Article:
African 901: Seminar in Modern African Literature: Melodrama

This course explores the epistemological foundations and critical applications of the concept of melodrama, with particular emphasis on African literature and screen media. In ways that are increasingly amenable to cultural studies analysis, melodrama has attracted a body of theory paying simultaneous and innovative attention to the formal, historical, and political properties and production of texts. It also calls attention to disciplinary traditions of reading. From Peter Brooks’s work on Balzac and Henry James, to recent scholarship on Nigeria’s “Nollywood” and Pentecostal television in the Congo, melodrama is being used to understand the ways, both formal and thematic, that texts respond to and register major social transformations. Readings in this course will come from these and other contexts, including samples of scholarship on Latin American, South Asian, and East Asian cultural production. Graduate students from any discipline are welcome in this seminar and invited to pursue their research through the course focus. At stake in our exploration of these critical traditions are (often competing) conceptions of modernity and the role that such conceptions can play in the kind of reading we do.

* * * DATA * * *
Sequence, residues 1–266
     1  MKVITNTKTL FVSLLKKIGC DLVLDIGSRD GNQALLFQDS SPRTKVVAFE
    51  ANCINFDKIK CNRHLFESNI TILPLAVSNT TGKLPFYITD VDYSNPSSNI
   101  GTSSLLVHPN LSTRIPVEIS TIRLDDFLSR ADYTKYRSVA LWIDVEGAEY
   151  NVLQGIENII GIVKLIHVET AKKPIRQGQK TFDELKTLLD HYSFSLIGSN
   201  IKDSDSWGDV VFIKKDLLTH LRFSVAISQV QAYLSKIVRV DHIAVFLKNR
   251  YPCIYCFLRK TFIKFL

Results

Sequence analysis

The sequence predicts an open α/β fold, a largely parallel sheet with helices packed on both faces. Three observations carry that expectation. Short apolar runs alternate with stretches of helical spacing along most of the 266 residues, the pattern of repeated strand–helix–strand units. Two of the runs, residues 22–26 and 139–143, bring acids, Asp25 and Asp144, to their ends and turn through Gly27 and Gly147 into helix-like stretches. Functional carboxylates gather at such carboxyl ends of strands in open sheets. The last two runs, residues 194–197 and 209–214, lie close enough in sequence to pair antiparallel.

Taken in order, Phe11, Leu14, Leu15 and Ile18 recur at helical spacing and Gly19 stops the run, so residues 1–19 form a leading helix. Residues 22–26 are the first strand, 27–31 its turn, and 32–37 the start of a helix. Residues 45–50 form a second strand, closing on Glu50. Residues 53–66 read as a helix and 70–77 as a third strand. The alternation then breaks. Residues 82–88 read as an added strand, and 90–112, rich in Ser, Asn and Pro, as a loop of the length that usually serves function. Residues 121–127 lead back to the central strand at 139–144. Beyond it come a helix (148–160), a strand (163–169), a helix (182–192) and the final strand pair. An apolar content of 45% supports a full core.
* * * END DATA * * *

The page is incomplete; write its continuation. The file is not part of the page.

Course Objectives
Students will form a foundational understanding of melodrama theory, through various global examples of secondary sources and through focused attention on selected primary and secondary material from Africa. Through weekly discussion and formal reading responses, students will also advance their skills for interpreting, applying, and generating literary and critical cultural theory. Finally, students will further hone and demonstrate their scholarly proficiency by submitting and workshopping advanced-level seminar papers, focused on forms of cultural production of their choosing, in which methods of melodrama theory are applied and elaborated.

Taught by Professor Matthew H. Brown
Mondays 1:20 – 3:15p

Screenshots of Nollywood actor crying

Screenshots from Zina Saro-Wiwa’s mutli-channel video installation “Mourning Class: Nollywood.” According to her website, “The close-up of crying face is a classic Nollywood trope. A trademark of the genre. The sobbing female figure, a grieving widow, a repentant woman of the night, the dutiful, but put-upon, wife, the performance of pain – close up – forms the emotional backbone of Nollywood film.”